I am thankful for many advances in the hobby over the years: sanding sticks is one of them. A fine grade stick was used to smooth out my … uh … gaffs before another quick application of IJN Green. Touching up the green also afforded me the opportunity to correct minor over-spray and to tighten up the demarcation lines aft of the wing roots on both sides. After another 24-hour delay to let the paint cure, I was ready for the weathering process.

Because I knew that I’d have to apply weathering to the markings as well as the camo job, I went ahead and added the decals at this time. I chose the "Ohtsu" Kokutai No. 103 on a whim. After letting the decals set for an hour or so, I applied MicroSol to help them snuggle into the panel lines. The residue was removed with water after letting the decals set for several hours.

Using the back edge of a Xacto #11 blade, I followed all of the panel lines, allowing the paint to randomly chip. The leading edges of the wings and tail feathers were scuffed up with a course sanding stick which pulled larger chunks of color off, leaving the natural metal finish exposed. This approach was taken for both the upper and lower surfaces. The front of the three floats were scuffed in a manner similar to the leading edges. The "dzus" fasteners were also carefully picked out.

A thin wash was applied to all panel lines. Heavier applications were used around the cowl flaps, vents and control surfaces. The residue of the wash was removed with a Q-Tip and 90% rubbing alcohol, moving in the direction of the airflow. After all panel lines were so delineated, a couple dustcoats of DullCoat was applied … and let cure overnight. In order to accomplish the weather-beaten look on the finish, I thinned some PollyS "Dust" and shot it from directly overhead, adding enough coats to have a definite affect on the finish. The decal strips for the canopy were thus treated as well.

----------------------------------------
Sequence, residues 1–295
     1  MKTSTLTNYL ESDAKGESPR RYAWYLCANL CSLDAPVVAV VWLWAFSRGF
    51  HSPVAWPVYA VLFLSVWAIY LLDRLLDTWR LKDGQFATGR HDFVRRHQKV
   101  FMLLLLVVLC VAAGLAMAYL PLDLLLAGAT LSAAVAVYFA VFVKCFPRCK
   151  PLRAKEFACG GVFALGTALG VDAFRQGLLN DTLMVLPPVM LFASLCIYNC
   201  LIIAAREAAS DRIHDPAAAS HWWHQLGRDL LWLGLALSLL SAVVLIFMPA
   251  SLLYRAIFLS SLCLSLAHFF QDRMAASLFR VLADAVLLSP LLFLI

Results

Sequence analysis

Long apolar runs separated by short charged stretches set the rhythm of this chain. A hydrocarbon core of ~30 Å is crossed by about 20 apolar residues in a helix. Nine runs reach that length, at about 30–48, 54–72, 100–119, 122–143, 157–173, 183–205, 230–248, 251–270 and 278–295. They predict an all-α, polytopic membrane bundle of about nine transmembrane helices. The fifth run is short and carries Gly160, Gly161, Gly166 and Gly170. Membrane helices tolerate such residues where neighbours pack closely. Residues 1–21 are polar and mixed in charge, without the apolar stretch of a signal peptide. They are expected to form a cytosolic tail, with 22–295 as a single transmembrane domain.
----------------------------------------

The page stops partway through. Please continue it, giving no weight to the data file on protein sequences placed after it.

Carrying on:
The fabric control surfaces were treated by lightly sanding with a fine grade stick. I found that this lightened the finish just enough to give the effect that I was after without having to mix up special paints.

All of the gun barrels were drilled out, replaced with brass tubing that was super glued in place and painted gunmetal. One-pound monofilament was used for the radio aerial, snapped taunt via cigarette smoke and painted chrome silver. Cordite and exhaust stains were added with Grimy Black, with the exhausts receiving Reefer Gray in the center of the black "soot" stains. The exhaust ports were then installed.

Final construction consisted of adding the Fowler flap rails and flaps. The rails were super glued in place and the flaps super glued to them. The positioning is only approximate; I realize fully that the gap between the flaps and the lower edge of the wing is a little excessive. But allow me to say this … I will NEVER lower Fowler flaps again! Not unless the parts are already supplied, that is …


This was a most enjoyable kit to build. Had someone, and I won’t mention my name, not decided on the additional surgery, and had flat paints been used instead of gloss, this model could easily fall into that "weekend" category. I found the engineering to be quite acceptable with the fit and finish easily near the top of my list of excellent kits. This aircraft strikes me as being "a Bearcat on floats" because of the stocky, no nonsense fuselage. I definitely like the looks of this aircraft. And I can highly recommend this kit to any builder; the novice should experience little difficulty turning out an acceptable model; the more experienced should find the end result an interesting addition to any collection.


Michael Wolf